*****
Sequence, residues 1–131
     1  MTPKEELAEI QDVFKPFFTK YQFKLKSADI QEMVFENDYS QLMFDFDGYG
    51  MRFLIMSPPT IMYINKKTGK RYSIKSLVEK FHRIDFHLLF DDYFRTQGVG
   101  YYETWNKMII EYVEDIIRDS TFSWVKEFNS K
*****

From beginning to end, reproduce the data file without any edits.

Sequence, residues 1–131
     1  MTPKEELAEI QDVFKPFFTK YQFKLKSADI QEMVFENDYS QLMFDFDGYG
    51  MRFLIMSPPT IMYINKKTGK RYSIKSLVEK FHRIDFHLLF DDYFRTQGVG
   101  YYETWNKMII EYVEDIIRDS TFSWVKEFNS K